Energy Recovery's CEO Discusses Q2 2012 Results - Earnings Call Transcript

Energy Recovery, Inc (ERII)

Q2 2012 Earnings Conference Call

August 03, 2012 11:00 AM ET


Alex Buehler – CFO

Thomas Rooney – President and CEO


Laurence Alexander – Jefferies & Company, Inc.

Dale Pfau – Cantor Fitzgerald

Patrick Jobin – Credit Suisse

Michael Legg – ROTH Capital Partners

JinMing Liu – Ardour Capital Investments

Robert Smith – Center for Performance Investing

Steve Shaw – Sidoti & Company

John Rosenberg – Geneve Capital Group



Welcome to the ERII Second Quarter 2012 earnings call, on the second of August 2012. For today’s recorded presentation, all participants will be in a listen-only mode. After the presentation they will be an opportunity to ask questions. (Operator instructions).

I will now hand the conference over to Tom Rooney, Energy Recovery’s CEO. Please go ahead Sir.

Thomas Rooney

Good morning everyone and welcome to Energy Recovery’s Second Quarter 2012 conference call. My name is Tom Rooney and I’m here today with our Chief Financial Officer, Alex Buehler. The primary purpose of today’s call is to provide you with information about our financial performance in the Second Quarter of 2012. However, some of our comments and responses to questions may contain forward looking statements about market trends, future revenue, growth expectations, cost structure, gross profit margins, new products and business strategy. Such statements are predictions based on current expectations about future events and are subject to the safe harbor of provisions of the US Private Securities Litigation Reform Act. Forward looking statements are not guarantees of future performance and are subject to certain risks, uncertainties and other factors could cause actual results to differ materially. A detailed discussion of these factors and uncertainties is contained in the reports of the company files with the US Securities and Exchange Commission.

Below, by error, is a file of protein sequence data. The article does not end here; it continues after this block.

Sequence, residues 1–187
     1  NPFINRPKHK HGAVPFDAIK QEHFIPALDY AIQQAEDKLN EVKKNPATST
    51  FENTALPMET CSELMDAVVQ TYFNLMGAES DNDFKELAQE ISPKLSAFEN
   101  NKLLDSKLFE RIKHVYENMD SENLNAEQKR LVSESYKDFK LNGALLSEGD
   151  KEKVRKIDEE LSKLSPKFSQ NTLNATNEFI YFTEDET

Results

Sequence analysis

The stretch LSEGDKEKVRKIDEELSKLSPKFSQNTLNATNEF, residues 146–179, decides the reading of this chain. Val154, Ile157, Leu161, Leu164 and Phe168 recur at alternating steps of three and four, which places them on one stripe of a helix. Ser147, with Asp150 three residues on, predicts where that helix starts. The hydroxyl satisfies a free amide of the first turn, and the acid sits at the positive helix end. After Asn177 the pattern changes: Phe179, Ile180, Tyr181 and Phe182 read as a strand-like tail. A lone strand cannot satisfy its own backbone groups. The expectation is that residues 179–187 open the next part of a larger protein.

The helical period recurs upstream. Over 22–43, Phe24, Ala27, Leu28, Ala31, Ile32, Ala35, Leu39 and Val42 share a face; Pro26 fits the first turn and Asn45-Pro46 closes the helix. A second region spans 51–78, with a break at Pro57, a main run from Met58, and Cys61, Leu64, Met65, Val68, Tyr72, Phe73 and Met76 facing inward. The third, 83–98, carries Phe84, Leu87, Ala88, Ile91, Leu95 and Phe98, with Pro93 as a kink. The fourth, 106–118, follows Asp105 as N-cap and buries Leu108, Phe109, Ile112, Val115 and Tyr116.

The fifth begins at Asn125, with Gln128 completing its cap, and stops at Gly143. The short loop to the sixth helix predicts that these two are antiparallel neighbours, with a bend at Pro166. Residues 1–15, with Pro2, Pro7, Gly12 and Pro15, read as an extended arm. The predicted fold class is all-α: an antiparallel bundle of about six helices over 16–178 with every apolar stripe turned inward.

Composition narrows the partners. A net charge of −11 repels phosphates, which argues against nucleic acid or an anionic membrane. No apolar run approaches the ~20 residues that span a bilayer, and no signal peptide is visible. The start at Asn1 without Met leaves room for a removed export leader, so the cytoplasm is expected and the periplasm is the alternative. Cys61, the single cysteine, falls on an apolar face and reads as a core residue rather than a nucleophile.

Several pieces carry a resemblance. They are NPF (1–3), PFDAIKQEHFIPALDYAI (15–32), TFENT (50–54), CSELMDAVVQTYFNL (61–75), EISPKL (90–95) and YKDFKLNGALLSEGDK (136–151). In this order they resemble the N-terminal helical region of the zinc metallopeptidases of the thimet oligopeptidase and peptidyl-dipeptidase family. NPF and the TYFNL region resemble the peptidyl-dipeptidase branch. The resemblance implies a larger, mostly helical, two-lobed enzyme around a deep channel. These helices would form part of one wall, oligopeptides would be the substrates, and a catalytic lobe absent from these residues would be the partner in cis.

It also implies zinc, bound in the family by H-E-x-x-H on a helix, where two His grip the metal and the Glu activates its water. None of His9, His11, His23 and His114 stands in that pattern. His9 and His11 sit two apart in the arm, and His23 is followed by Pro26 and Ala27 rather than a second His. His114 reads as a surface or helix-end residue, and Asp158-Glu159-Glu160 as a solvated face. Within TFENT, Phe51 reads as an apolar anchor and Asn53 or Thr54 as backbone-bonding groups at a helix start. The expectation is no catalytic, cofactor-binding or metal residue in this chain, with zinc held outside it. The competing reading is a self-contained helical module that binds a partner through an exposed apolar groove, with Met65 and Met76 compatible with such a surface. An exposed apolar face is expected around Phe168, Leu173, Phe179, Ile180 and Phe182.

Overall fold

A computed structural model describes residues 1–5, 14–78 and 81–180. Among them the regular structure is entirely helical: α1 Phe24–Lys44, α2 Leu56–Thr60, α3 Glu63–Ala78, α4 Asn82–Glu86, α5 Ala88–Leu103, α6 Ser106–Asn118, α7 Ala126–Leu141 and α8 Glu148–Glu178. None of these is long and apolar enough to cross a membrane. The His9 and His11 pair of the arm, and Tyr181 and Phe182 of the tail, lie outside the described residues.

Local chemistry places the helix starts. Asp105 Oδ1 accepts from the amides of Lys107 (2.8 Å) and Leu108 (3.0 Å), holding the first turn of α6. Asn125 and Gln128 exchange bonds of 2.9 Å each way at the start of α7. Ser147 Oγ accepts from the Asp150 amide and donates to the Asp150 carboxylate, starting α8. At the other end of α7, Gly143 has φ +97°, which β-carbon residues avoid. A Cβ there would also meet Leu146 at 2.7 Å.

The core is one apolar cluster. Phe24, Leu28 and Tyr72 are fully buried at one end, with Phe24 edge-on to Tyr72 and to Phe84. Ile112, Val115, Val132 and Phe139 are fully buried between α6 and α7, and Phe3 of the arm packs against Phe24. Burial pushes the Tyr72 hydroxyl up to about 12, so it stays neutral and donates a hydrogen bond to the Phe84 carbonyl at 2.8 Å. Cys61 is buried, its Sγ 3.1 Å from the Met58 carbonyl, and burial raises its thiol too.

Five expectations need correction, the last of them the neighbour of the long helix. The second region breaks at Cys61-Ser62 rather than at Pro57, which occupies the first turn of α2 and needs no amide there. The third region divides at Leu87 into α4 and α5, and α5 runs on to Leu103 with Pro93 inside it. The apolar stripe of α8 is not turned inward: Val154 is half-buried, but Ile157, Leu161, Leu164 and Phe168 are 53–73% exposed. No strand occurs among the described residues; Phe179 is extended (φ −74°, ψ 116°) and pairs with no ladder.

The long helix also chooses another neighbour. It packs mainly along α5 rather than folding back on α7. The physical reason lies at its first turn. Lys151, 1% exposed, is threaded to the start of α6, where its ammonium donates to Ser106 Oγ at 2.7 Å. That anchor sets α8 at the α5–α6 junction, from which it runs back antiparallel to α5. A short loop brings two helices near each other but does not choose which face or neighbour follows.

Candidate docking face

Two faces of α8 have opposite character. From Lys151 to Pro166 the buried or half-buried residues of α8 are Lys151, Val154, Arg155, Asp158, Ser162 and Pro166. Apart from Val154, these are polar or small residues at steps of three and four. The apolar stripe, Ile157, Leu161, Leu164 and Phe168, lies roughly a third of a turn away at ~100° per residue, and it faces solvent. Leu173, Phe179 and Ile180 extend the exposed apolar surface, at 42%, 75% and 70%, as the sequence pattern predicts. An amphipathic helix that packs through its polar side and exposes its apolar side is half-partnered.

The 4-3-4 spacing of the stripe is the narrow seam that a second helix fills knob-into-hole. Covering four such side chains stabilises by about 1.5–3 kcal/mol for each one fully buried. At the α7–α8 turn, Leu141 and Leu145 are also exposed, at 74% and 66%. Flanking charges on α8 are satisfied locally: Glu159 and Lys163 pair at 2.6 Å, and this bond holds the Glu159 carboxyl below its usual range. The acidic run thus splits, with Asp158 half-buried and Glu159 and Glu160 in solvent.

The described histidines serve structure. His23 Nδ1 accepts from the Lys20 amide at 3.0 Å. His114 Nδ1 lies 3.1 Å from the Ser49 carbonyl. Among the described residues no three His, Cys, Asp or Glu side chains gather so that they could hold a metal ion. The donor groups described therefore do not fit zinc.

The company assumes no obligation to update any forward looking statements made during this call, except as required by law. So we’re pleased to report a profit for the Second Quarter of 2012, our first quarterly profit since 2010. Being able to report a quarterly profit is an important first step in returning Energy Recovery to greatness. We have a long way to go rebuilding the company, but there is a great deal of good news to record in this quarter, including a net profit, substantial revenue growth, significant gains in market share, increased gross margins, reduced operating expenses, strong cash management and tangible progress in new product development in the oil and gas industry.

Much of the current good news does not come as a surprise to the management team. As we defined our strategy more than a year ago, we diligently executed against that strategy and over the past six months we have watched a number of positive indicators turning in our favor. Most notably are rapidly improving market share and growing backlog.